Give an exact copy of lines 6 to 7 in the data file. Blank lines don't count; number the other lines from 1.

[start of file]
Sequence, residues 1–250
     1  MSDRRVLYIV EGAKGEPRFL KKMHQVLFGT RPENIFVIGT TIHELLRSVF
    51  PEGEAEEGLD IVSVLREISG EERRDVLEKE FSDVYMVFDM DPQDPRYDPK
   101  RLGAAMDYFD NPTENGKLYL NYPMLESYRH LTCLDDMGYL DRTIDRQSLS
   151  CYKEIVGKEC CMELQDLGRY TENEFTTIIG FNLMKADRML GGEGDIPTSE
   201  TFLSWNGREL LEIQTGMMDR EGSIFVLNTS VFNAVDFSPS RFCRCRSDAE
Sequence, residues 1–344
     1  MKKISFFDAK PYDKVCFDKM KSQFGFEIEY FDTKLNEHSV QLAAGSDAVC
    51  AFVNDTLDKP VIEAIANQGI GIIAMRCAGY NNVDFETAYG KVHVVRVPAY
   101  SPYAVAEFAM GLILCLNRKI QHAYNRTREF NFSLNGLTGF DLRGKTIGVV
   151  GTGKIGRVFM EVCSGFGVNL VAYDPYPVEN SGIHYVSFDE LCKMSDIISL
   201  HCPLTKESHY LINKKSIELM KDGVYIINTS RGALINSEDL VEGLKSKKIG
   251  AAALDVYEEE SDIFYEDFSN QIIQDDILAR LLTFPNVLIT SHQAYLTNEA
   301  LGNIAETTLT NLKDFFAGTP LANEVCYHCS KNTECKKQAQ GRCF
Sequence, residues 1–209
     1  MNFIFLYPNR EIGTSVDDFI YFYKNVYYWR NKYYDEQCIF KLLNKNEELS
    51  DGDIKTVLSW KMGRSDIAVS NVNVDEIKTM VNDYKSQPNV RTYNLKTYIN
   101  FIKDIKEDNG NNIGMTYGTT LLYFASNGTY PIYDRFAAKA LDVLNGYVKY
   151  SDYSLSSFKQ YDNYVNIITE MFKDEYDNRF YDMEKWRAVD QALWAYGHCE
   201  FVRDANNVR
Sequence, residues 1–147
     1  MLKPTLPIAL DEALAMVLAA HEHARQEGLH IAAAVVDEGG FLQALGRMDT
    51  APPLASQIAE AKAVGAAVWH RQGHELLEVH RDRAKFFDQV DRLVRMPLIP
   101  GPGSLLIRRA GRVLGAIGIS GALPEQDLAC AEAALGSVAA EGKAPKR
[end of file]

   201  TFLSWNGREL LEIQTGMMDR EGSIFVLNTS VFNAVDFSPS RFCRCRSDAE
Sequence, residues 1–344